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Page added on June 28, 2017

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How sustainable is China’s future energy demand?

Consumption

A new report by S&P Global’s China Senior Analyst Group*, entitled “China’s Sustainable Energy Future Depends on Efficiency, Economic Transition, And Renewables — Not Slower GDP Growth” finds that China will need to take a radically different path of energy consumption from what developed nations currently follow in order to avoid a spiking oil import bill.

Eight years ago China overtook the US to become the world’s largest market for new vehicle sales, and by the end of this year is set to once again overtake the US to become the world’s largest importer of oil. However, what is not immediately  apparent  from these headlines is how modest China’s oil demand actually is on a per capita basis, as the chart below demonstrates, with Chinese per capita GDP on the X axis (in real 2010 US dollars) and per capita oil demand on the Y axis.

Per capital oil consumption and per capital GDP

Historically per capita oil demand rises as countries develop (as represented in the chart by per capita GDP) until around $20,000 – 30,000 per capita oil demand, when it peaks and then declines.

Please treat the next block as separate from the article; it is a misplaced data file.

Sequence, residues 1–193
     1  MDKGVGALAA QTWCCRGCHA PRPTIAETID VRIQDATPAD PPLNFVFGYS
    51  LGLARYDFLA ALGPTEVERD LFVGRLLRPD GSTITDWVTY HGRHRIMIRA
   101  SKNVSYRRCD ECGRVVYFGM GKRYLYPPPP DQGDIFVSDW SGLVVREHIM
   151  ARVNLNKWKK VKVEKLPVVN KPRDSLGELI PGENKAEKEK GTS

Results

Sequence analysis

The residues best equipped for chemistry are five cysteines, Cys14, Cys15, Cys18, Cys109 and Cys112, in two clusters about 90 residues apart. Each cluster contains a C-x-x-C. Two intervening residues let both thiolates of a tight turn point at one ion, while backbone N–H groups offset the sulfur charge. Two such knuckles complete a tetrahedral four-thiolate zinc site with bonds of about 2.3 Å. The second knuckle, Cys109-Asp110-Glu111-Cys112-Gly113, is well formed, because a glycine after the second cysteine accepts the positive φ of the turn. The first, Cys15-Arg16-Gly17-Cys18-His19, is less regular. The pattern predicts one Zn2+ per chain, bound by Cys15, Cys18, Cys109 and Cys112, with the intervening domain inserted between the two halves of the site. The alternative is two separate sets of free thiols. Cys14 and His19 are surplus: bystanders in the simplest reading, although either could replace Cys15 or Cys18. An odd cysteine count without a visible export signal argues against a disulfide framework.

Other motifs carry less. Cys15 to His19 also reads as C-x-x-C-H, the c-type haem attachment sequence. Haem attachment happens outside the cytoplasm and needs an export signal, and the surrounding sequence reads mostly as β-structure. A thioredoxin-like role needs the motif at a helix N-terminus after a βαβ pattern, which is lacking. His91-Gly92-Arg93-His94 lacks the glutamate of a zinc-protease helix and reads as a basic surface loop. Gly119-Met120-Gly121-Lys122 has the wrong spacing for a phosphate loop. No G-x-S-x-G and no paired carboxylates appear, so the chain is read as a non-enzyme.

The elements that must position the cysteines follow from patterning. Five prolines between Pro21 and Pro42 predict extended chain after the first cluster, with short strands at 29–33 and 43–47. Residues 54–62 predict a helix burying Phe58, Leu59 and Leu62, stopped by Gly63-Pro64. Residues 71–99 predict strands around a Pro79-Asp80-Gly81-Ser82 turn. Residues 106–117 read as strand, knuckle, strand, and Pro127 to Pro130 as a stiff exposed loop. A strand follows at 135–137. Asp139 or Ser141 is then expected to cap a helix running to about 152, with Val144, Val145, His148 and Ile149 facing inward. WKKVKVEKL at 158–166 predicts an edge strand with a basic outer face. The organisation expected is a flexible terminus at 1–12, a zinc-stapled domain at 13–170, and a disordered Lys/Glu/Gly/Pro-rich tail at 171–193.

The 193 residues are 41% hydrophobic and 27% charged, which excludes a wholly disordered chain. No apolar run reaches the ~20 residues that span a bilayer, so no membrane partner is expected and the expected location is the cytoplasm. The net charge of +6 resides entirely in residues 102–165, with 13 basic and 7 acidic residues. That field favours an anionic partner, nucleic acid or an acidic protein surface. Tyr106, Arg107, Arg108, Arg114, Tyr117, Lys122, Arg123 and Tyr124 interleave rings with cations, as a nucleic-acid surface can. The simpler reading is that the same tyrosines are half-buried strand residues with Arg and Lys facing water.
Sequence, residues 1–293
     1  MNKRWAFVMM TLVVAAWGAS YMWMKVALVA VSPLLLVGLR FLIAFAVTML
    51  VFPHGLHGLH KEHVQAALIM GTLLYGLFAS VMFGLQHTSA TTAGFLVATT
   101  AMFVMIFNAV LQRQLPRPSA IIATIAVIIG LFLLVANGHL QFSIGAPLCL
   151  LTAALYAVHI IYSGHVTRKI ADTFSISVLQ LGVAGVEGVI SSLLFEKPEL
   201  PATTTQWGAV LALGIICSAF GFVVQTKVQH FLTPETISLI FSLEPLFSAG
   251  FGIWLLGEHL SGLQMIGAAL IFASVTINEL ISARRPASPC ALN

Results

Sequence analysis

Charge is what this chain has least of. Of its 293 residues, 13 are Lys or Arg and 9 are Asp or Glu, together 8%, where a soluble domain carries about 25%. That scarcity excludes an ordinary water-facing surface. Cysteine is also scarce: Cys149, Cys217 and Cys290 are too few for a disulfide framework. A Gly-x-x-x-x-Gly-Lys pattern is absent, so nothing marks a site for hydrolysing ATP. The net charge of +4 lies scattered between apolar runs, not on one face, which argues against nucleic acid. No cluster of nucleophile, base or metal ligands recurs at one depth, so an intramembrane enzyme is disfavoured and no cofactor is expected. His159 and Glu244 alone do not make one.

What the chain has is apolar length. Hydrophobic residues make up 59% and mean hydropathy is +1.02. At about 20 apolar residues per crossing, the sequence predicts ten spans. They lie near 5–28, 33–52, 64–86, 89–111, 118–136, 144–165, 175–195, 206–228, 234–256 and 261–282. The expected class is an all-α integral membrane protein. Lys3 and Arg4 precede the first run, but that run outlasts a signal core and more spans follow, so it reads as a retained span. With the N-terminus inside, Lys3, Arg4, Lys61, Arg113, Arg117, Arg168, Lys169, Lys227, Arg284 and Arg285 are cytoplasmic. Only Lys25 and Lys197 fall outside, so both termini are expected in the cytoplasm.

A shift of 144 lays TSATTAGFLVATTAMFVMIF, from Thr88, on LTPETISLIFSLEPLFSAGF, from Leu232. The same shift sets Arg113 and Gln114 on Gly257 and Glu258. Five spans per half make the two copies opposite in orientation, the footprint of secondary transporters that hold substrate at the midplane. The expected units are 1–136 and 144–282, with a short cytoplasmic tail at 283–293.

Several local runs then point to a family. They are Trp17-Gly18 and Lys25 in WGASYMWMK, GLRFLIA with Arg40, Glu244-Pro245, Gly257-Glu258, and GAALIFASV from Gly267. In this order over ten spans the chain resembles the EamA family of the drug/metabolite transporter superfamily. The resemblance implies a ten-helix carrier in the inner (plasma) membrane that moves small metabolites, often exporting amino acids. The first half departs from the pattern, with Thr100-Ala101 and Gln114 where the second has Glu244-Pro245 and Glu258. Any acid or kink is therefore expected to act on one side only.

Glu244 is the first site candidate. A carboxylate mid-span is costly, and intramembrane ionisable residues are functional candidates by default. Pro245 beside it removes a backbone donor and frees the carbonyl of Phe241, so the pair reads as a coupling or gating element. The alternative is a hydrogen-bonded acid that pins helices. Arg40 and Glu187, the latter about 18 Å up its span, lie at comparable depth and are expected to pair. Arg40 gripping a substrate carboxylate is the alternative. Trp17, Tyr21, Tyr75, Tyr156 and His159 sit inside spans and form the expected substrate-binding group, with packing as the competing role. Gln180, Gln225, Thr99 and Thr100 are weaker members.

Chinese per capita demand is currently around half that of Malaysia and Korea at similar stages of economic development.

If China was to follow the path taken by countries like Portugal and Spain then by 2040, when Chinese per capita GDP is around $20,000, its oil demand would be between 33 million and 44 million b/d, up from just over 12 million b/d in 2016.

South Korea has a small population relative to the size of its significant petrochemical and industrial sector, which accounts for around half of total Korean oil demand. This helps to explain its high per capita oil demand compared with other developed countries. If China follows the path of Korea, by 2040 it would be consuming an astonishing 62 million b/d of crude.

South Korea is an outlier but it is quite evident that China cannot follow the same path of oil demand as other developed countries with more modest per capita oil consumption. Thankfully this is also very unlikely. Not only have vehicles and engines becomes a lot more energy efficient since Spain and Portugal, in the late 1980s and late 1990s, respectively, were at the same level of development as China will be in 2040, but China is also implementing policies to promote adoption of electric vehicles including supporting R&D in battery and electric vehicle technology as well as investing in and subsidizing the build out of electric vehicle charging facilities.

The China Senior Analyst Group’s report makes estimates as to the path of future China oil demand; needless to say, when it comes to China’s future oil demand, the past is certainly no guide to the future.

Download the report here.

platts



2 Comments on "How sustainable is China’s future energy demand?"

  1. Hubert on Wed, 28th Jun 2017 11:41 am 

    We will be out of oil in about 30 years, and the world economy should be finished by then.

  2. Kenz300 on Wed, 28th Jun 2017 1:59 pm 

    China will require all new vehicles to be electric in the future.

    The number of required electric vehicles is going up each year.

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